When we’d had enough of that charade, Pinterest was there for us yet again. I pinned things I thought I’d like, things I thought he’d like, and led weekly reviews each Sunday. Over brunch and every single show on the Food Network, we kept what worked and culled what didn’t. And guess what? A style emerged. I think designers call it “contemporary coastal.” We call it a miracle.

I recognize that Pinterest didn’t do this for us. However, it made our process of home-making a lot easier than it would’ve been otherwise. Checking to see if something  meshes with the vibe? Yep, we did that. Searching for an image of something your loving partner can’t quite visualize in the space? Yep, we did that. Wishing we had done so before rushing out to buy something that ultimately didn’t work? Yep, we did that too.

While all this was going on — and yes, it was a lot — Husband and I didn’t even realize that something else, something far more important was happening. Sure, we respectfully refreshed the house, but we also refreshed our relationship. Our marriage was strong beforehand, but this process taught us how much more learning and growing we could do together. Frankly? That’s what marriage is about. Did we need that reminder? Hell yes.

Now, nearly two years, hundreds of pins, and what feels like endless home improvement projects later, we sit in our living room and enjoy each other’s company, taking in the progress we’ve made. And while one of us occasionally asks how we’ve managed to do it all, by the time Sunday rolls around, we both remember. The secret to making home is right beside us, and has been all along. It’s us, with a little help from Pinterest.

xoxo,

Ryan 

North by North Carolinian

northxnc_3.13.18

Full concept and content by Ryan Vale McGonigle

Reading Words: “The Book of Speculation”

“It’s very easy for someone like you or me to get lost in an object, to accept certain ideas as fact without proper exploration.”

Mr. Churchwarry to Simon, p. 180

The Book of Speculation

Have you ever noticed how humans tend to seek the simplest, swiftest explanations for the situations we face? Look around — you’ll see that we all end up falling into this trap at one point or another (and probably repeatedly).

You may also notice that we have a strong urge to resist simple definition. Humans are funny creatures. We crave simplicity as we try to understand the world around us, but we go berserk the minute someone provides a simple explanation for something close or important to us.

Yeah, I fall into that trap too, and I try very hard to remain aware of it. One of the ways I do this is by finding opportunities to get out in the world. I go places, I meet people, I read books, I eat food, I work, I volunteer. In everything I do, I am here to listen, to learn, to fight against the trap. My hope is that, in the process, I expand my brain, elevate my understanding, and grow in my capacity for solidarity rather than fear. But it can be hard. Really hard. And sometimes isolating, because loads of people don’t share this view of the world.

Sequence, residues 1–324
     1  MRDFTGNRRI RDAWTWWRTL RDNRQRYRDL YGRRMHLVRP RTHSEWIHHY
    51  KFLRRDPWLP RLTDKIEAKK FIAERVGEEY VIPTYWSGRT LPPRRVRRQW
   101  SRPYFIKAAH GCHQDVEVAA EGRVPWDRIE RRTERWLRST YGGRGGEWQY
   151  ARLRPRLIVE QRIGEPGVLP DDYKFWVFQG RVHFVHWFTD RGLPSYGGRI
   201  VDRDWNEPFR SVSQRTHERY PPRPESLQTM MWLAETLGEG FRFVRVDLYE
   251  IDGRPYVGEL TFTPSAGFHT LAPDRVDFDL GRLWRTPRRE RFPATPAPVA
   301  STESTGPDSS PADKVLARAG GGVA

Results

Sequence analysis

I’d been looking for something that would help bridge the gap when I stumbled across Erika Swyler’s The Book of Speculation. Perhaps fittingly, the book was not what I expected. For those of you with interests in the circus, coastal life, book culture, or intergenerational stories, Swyler’s novel could be for you. Her storytelling — and her capacity to weave a story, within a story, within a story — is notable. But I’d like to pull back from that, and resist the urge to give you a standard book review.

What most impressed me about this particular novel was its sense of place. Swyler’s command of culture on Long Island dances off each page. She makes place a character worthy of discussion, something I see rarely in modern writing. We’ve become so introspective it hurts. Not the case here. Not by a longshot. Not if you know where to look.

At once a fine critic and a fierce advocate, Swyler shows all who are willing to see about a Long Island most will never choose to encounter — a Long Island that is at once beautiful and brutal, homey and alienating, historic and changing, rooted and disappearing. It’s the “and” in those phrases that matters. It’s the idea that a culture, a place, a person, or a thing can be more than the simple characterizations we create when we stop at speculation.

I have written here and elsewhere about those dangers. I speak from experience. As a North Carolinian living on Long Island, it makes my heart hurt when I hear individuals rail against what they think my home is, only to later hear these individuals’ plans for capitalizing on it. And, as a Long Islander by marriage and address, I’m becoming equally bothered by the reductivist views people have about this culture. Why? Because it’s one of my homes, it’s part of me, and no place is that simple, dammit. I feel obligated to love and protect it, for its own sake, as it is. It’s a force that cannot be stopped.